Recently, the New Yorker declared the ambitious Pepsi Refresh Project a “failure.” For anyone unfamiliar with the programme, Pepsi Refresh was the food giant’s 2010 marketing campaign, which saw it eschew traditional advertising (dropping its usual Super Bowl spots)  in favour of a crowd-sourced  CSR push. Consumers were asked to vote online for various causes, and Pepsi put up $20 million to fund the most popular ideas. By any measure, engagement was phenomenal, resulting in 61 million votes and 1.6 million comments. The campaign also snared the Platinum SABRE Award at our North American awards. However, the New Yorker believes Pepsi Refresh was a failure because Pepsi’s sales declined during the year, and it lost its coveted number two soft drink spot to Diet Coke. Coca-Cola, by comparison, opted for a more traditional mix of marketing spend in 2010. I can’t help but feel that the New Yorker is judging Pepsi Refresh on the wrong criteria. CSR campaigns, presumably, are not solely designed to boost short-term sales. We know that people are more likely to buy products from companies that have better reputations - but reputations themselves take a long time to form and change. Any view of the stakeholder value accruing from Pepsi Refresh, to my mind, must take a longer view than a 12-month sales cycle. I reached out to Fenton Communications CSR head Susan McPherson, who also pointed out that any CSR programme must also be viewed through the prism of employee engagement and retention. About Pepsi Refresh, McPherson also had this to say, specifically:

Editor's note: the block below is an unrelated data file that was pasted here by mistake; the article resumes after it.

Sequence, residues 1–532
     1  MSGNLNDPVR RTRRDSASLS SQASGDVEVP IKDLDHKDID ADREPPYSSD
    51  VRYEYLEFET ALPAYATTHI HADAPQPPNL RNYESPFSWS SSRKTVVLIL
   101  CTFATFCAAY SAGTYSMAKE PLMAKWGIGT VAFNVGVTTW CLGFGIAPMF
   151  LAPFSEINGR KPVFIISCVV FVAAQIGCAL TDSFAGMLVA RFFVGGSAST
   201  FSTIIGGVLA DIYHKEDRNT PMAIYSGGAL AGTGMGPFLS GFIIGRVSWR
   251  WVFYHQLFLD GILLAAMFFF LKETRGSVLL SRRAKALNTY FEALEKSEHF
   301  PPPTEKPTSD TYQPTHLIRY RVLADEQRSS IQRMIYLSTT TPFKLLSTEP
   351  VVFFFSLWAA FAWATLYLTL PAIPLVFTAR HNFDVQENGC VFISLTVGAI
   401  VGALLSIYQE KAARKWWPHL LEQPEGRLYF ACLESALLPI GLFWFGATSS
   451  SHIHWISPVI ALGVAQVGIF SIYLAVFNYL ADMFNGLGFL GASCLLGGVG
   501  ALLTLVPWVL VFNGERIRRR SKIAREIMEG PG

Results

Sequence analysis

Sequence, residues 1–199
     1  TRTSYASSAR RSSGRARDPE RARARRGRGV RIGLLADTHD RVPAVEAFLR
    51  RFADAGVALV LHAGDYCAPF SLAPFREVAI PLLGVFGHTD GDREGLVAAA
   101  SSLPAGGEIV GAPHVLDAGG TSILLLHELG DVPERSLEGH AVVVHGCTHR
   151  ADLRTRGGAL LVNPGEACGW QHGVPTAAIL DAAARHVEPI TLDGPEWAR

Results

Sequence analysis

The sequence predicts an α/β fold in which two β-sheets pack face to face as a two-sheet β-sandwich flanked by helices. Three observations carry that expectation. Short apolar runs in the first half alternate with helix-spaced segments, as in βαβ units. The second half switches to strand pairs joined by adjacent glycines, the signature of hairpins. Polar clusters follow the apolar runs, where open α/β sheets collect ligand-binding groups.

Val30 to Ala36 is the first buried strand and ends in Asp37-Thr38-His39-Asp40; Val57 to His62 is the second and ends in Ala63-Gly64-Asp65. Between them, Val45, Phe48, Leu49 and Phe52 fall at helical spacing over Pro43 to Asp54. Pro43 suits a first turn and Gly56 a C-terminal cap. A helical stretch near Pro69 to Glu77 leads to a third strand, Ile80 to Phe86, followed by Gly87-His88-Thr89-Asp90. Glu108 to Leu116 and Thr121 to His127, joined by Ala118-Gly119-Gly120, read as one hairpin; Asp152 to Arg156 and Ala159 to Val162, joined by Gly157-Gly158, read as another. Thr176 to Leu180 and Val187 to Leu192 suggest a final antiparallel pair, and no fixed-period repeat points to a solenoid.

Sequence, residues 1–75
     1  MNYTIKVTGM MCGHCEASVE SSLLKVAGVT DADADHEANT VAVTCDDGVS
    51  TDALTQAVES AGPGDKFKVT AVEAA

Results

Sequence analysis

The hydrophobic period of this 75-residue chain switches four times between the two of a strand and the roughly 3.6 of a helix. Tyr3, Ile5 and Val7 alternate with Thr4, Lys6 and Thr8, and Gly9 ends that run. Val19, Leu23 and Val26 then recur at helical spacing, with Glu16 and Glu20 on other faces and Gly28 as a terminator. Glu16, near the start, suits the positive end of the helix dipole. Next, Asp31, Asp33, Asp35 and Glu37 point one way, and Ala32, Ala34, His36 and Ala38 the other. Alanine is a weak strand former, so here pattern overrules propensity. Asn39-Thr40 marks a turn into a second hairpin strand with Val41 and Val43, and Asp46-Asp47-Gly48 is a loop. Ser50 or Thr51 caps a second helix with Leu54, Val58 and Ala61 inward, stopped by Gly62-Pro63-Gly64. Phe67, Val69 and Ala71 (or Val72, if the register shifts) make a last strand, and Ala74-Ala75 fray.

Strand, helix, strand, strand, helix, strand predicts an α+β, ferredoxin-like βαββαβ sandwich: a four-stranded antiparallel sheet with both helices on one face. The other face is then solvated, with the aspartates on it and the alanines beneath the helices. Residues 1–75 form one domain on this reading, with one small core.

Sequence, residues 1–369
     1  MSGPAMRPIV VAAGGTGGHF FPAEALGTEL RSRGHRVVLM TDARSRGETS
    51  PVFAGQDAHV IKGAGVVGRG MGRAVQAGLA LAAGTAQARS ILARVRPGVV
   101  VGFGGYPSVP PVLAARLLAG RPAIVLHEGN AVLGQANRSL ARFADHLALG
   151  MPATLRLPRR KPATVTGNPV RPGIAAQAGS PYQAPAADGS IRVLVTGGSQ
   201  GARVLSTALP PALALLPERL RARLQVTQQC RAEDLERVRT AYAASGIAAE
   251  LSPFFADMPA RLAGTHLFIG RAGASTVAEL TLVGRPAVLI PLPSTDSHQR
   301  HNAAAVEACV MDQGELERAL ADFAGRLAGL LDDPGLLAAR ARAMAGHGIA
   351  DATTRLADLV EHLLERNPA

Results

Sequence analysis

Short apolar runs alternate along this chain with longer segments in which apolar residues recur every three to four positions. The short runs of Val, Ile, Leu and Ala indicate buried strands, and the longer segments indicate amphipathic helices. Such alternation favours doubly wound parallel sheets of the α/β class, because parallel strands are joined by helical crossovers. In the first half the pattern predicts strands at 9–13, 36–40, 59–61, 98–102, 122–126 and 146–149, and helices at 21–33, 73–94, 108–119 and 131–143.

I give Pepsi great credit for developing a new approach and opening up the whole new market for crowd-sourced  philanthropy.  However, I do feel the program fell short by teeing up so many worthy nonprofits who went to their donor bases repeatedly asking for “votes.” Doing so used up goodwill and caused donor fatigue and if the nonprofit didn’t win, it was left in a precarious position.
Encouragingly, Pepsico is sticking with the project in 2011, expanding it internationally and backing it with the same $20 million budget. Or do you think it has been a failure? Let us know.